Tokyo: Representation and Reality

A summer 2016 course for undergraduates at the University of Tokyo

With a population of over thirteen million people in the city proper, Tokyo ranks with Shanghai, Lagos, and Mumbai among the ten largest cities in the world. When adjacent cities—Yokohama, Saitama, Chiba, and others—are included, the Tokyo metropolitan area is perhaps the world’s biggest, with over thirty-six million residents, nearly twice as many as in New York City and all its suburbs.

A city so vast inevitably encompasses contrasts and contradictions. Destroyed and rebuilt twice in the 20th century, the metropolis of Tokyo now appears to be a success story of modern urban development: the streets are safe, the air clean, the people seemingly content. But beneath its peacefully bustling facade lie many challenges: an aging native population, a widening gap between rich and poor, emptying suburbs, conflicts over immigration, the always-looming threat of crises both natural and manmade.

In this intensive course taught in the summer of 2016, undergraduates from Princeton University and the University of Tokyo tried to come to a deeper understanding of this complex, multifaceted city. How do media images and stereotypes of Tokyo correspond to the day-to-day reality? How do the people of Tokyo interact with the city in which they live? What does Tokyo’s role as the political, economic, and cultural capital of Japan mean for its status as a global city? And, most importantly, how can one even begin to comprehend a social phenomenon as huge and complicated as a great city, where directed planning and design inevitably interact with the diverse aspirations and actions of millions of people?

The students participated in lectures and workshops taught by UTokyo faculty, went on exploratory field trips within and around Tokyo, and conducted individual and group research projects in which they delved into particular aspects of this intriguing city. To maximize their exposure to urban life, international students stayed in a student lodge in the heart of the city, and the course was based on UTokyo’s Komaba Campus, which is just a few minutes away from Shibuya, one of Tokyo’s most dynamic and youthful areas.


Tom Gally

Professor and Director, Centre for Global Communication Strategies

Born in Californiain 1957, Professor Gally has lived in Tokyo and Yokohama since 1983. He worked as a translator and writer for many years before joining the faculty at Komaba in 2005. His research interests include language education policy and lexicography. His books include Eigo no Aya (“Figures of English,” 2011) and, as coeditor, Kenkyusha’s New Japanese-English Dictionary, 5th edition (2003). Professor Gally is organizing and coordinating this course.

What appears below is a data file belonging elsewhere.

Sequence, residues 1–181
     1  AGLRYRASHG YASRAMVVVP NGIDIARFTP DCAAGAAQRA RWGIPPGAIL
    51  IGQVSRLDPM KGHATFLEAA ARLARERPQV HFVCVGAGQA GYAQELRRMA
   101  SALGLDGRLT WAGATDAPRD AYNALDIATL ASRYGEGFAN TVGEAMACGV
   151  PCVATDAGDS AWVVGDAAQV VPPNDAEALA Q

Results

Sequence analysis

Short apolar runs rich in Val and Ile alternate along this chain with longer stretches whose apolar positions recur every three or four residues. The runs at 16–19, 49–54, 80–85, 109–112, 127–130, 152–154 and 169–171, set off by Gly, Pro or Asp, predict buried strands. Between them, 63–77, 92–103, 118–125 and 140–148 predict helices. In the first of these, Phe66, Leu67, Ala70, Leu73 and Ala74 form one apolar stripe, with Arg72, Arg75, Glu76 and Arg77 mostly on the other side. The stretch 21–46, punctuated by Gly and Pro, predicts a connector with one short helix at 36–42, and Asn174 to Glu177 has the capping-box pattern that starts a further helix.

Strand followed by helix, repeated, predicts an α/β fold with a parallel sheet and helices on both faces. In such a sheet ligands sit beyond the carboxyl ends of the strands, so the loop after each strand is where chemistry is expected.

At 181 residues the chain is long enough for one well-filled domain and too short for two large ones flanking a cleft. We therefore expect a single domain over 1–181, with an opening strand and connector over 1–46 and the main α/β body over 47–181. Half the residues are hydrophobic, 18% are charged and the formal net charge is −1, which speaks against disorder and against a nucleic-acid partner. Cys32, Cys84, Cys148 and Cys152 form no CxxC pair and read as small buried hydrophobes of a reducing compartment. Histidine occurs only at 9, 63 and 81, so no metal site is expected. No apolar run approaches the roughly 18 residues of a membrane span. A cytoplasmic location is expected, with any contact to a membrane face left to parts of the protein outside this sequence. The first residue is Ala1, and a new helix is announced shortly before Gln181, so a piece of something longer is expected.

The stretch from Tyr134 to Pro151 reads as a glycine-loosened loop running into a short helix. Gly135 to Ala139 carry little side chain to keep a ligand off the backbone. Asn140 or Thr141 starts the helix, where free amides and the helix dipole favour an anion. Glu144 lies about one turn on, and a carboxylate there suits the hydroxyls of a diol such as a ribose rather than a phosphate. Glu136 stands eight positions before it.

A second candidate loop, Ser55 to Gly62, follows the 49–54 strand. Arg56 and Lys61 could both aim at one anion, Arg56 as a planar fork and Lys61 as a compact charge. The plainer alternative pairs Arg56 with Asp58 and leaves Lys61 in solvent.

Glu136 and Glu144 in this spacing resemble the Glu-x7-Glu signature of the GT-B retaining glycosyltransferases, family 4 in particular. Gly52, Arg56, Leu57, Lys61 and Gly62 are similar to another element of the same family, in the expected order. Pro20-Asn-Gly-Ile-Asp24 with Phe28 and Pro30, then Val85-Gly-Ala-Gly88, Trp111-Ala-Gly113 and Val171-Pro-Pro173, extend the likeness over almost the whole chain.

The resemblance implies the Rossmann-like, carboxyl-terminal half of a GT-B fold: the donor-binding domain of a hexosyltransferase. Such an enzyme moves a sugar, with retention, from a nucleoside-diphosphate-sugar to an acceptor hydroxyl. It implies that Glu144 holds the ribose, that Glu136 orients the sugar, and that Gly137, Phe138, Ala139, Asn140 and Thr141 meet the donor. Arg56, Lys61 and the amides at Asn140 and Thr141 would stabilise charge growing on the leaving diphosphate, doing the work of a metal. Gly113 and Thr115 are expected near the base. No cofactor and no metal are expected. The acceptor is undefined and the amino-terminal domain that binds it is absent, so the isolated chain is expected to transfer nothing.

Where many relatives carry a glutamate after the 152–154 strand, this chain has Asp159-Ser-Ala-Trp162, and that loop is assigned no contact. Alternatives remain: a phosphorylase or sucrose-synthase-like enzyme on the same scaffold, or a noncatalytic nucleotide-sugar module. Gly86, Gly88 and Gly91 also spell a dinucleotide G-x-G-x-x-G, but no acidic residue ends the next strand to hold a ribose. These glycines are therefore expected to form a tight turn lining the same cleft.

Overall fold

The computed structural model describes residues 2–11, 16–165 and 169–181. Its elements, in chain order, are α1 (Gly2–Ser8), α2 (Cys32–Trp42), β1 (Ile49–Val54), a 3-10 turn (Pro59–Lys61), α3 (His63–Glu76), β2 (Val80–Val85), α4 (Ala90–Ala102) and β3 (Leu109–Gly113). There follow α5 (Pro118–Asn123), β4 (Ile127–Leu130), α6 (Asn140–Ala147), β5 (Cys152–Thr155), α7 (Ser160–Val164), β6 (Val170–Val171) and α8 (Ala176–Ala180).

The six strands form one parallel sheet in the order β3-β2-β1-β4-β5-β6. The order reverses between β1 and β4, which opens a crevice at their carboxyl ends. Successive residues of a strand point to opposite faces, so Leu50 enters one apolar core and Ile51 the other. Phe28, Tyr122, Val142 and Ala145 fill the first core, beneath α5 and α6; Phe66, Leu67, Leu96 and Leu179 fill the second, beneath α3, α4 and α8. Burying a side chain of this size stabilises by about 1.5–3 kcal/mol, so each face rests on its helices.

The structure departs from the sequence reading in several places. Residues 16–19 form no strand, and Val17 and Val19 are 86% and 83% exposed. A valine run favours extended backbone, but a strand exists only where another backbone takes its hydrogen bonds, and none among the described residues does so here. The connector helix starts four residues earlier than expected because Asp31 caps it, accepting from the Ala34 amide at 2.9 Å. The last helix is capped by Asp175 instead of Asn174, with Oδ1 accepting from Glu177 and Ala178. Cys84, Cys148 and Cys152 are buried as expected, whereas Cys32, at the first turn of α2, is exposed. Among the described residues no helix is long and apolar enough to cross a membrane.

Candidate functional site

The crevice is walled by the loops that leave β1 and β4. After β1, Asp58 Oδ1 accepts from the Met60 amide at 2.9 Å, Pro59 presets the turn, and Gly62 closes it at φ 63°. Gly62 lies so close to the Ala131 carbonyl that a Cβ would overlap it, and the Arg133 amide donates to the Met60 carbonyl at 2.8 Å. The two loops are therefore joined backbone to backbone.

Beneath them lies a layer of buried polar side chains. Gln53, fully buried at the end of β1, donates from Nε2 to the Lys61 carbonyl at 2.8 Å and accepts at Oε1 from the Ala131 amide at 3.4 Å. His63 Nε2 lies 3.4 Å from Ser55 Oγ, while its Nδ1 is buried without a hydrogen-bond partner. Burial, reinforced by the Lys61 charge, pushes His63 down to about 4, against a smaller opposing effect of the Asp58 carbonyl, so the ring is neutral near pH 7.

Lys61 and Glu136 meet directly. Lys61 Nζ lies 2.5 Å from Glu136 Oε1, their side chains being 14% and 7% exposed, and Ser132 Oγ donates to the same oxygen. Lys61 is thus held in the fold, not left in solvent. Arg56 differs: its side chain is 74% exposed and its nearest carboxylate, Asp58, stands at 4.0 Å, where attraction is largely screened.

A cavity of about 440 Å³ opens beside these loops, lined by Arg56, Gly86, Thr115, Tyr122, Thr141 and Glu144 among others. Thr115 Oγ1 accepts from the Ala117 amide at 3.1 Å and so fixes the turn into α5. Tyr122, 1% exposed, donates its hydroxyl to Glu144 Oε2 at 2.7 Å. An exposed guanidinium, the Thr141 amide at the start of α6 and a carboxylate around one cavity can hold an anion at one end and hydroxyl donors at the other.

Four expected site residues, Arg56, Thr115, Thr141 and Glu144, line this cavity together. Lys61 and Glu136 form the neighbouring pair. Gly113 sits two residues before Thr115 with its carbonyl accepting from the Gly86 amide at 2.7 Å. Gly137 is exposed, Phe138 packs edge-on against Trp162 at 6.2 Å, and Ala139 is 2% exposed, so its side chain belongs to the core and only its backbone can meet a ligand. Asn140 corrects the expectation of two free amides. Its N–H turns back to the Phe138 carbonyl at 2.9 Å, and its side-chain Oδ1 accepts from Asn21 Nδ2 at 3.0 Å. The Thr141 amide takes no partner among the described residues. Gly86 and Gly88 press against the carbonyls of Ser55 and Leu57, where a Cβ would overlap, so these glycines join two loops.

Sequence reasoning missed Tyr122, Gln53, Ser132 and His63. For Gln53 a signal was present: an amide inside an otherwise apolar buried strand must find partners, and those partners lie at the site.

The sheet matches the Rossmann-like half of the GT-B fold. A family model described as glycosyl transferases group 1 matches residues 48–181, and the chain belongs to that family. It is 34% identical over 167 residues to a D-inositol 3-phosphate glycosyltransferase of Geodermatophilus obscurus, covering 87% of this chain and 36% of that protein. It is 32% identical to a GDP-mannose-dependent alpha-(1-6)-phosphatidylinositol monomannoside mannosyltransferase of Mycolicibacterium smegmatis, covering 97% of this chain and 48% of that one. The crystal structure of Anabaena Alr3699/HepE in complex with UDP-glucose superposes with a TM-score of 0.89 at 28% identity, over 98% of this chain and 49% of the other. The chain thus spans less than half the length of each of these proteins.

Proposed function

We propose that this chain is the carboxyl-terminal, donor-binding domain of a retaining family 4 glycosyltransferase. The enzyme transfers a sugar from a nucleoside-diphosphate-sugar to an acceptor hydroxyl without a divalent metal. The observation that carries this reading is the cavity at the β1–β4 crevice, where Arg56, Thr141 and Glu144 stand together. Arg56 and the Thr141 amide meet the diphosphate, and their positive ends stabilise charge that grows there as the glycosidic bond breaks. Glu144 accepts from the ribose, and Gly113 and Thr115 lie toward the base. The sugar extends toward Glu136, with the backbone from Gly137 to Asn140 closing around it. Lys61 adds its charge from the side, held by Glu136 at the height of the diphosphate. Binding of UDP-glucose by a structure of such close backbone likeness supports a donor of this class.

Kyungnam Moon

Assistant Professor, Komaba Organization for Educational Excellence, University of Tokyo

Dr. Moon received his Ph.D. from the University of Tokyo in 2016. His research interests include Ancient Greek Philosophy, with a primary focus on Aristotle, and Contemporary Analytic Philosophy. He hopes his current research will develop into a wide-ranged comparative study of various types of pluralism, both Western and Eastern. Dr. Moon is working as an assistant of Professor Gally for this program.

Hideki Koizumi

Professor, Department of Urban Engineering

Professor Koizumi received his Ph.D. in urban engineering from the University of Tokyo in 1993. A specialist in community design, cooperative city planning, and citizen-driven town development, he is author and coauthor of many books and references on urban planning and sustainable development.

Yusuke Obuchi

Associate Professor, Department of Architecture, University of Tokyo

Yusuke Obuchi is an Associate Professor of Architecture at the University of Tokyo, where he has directed Obuchi Laboratory in the Department of Architecture since 2010. Professor Obuchi was Co-director of the Design Research Laboratory at the Architectural Association (AA) in London from 2005 to 2010, and Course Master and Unit Master of the Architectural Association from 2003 to 2005. He studied architecture at Princeton University, Southern California Institute of Architecture, and the University of Toronto. He has previously taught at Princeton University, Harvard University’s Graduate School of Design, the University of Kentucky, and the New Jersey Institute of Technology. Professor Obuchi teaches design studios, workshops, and seminar courses where he explores the concepts of materiality, design systems, computational design techniques, and fabrication processes in contemporary architecture and urban design.


Designer, Etw.Vonneguet

Olga is a designer for her fashion label Etw.Vonneguet. She studied fashion and technology in the UK. To find new perspectives on fashion, she designs fashion using digital tools like 3D modeling with her own original methods and philosophy. She also designs costumes for artists to use in their publicity videos and live performances. Using innovative digital tools for creation, her fashion label Etw.Vonneguet shows new collections for society and people more publicly as a fashion brand. For example, runways on Tokyo streets and 3D simulated digital collections. Etw.Vonneguet also took part in the Mercedes-Benz fashion week in Tokyo. Etw.Vonneguet's retail store has been operating at Shibuya Parco since March.